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On Keeping a Notebook

“Keepers of private notebooks are a different breed altogether, lonely and resistant rearrangers of things, anxious malcontents, children afflicted apparently at birth with some presentiment of loss…But our notebooks give us away, for however dutifully we record what we see around us, the common denominator of all we see is always, transparently, shamelessly, the implacable ‘I.’  We are not talking here about the kind of notebook that is patently for public consumption, a structural conceit for binding together a series of graceful pensées; we are talking about something private, about bits of the mind’s string too short to use, an indiscriminate and erratic assemblage with meaning only for its maker.”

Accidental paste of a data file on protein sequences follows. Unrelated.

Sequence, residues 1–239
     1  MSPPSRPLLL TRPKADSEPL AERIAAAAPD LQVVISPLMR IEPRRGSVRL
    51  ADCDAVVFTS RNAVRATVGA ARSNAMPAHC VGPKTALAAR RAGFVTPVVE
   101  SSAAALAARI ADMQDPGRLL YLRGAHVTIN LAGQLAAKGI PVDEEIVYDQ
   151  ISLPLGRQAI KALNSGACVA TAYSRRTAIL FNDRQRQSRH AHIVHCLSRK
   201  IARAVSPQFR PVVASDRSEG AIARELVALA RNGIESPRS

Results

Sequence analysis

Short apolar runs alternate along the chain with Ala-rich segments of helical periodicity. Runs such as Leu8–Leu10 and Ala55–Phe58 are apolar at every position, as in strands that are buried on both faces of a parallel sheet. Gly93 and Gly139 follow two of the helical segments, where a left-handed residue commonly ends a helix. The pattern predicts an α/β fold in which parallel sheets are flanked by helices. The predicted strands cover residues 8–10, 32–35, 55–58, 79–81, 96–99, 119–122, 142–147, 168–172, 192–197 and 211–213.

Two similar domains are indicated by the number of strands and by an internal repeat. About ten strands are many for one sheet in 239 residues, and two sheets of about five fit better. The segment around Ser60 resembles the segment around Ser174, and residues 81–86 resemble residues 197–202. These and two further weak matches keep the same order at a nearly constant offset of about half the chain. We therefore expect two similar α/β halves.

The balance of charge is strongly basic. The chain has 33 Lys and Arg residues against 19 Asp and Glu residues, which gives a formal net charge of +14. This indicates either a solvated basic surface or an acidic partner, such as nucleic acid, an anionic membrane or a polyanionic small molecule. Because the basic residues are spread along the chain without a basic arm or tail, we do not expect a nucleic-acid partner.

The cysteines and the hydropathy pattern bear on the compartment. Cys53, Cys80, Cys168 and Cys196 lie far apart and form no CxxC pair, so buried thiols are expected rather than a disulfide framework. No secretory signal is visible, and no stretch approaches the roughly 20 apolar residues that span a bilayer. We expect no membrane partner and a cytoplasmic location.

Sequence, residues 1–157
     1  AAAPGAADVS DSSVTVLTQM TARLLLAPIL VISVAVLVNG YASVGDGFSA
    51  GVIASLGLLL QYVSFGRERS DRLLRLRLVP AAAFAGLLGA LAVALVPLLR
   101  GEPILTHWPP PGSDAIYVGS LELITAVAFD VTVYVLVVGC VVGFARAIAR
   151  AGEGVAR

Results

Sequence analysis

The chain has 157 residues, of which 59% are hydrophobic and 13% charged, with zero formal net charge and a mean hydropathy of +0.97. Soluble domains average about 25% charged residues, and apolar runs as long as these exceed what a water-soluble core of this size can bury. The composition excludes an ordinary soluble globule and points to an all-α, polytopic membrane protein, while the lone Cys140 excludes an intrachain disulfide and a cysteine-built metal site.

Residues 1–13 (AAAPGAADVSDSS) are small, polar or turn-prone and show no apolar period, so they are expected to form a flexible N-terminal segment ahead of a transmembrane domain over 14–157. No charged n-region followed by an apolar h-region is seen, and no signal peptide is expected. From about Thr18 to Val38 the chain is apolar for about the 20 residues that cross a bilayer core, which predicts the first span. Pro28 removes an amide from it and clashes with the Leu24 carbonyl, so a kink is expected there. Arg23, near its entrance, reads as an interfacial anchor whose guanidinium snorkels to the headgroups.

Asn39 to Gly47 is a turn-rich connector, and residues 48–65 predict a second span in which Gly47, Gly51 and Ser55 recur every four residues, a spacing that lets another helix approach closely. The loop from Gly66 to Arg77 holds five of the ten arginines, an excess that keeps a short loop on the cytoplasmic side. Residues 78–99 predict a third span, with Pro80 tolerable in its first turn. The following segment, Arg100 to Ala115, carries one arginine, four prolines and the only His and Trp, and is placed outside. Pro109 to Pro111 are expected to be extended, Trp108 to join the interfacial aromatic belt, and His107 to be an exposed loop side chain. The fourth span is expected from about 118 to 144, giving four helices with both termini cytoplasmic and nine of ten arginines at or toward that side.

by Joan Didion
(1966), in Slouching Towards Bethlehem, 1969, London: Andre Deutch.

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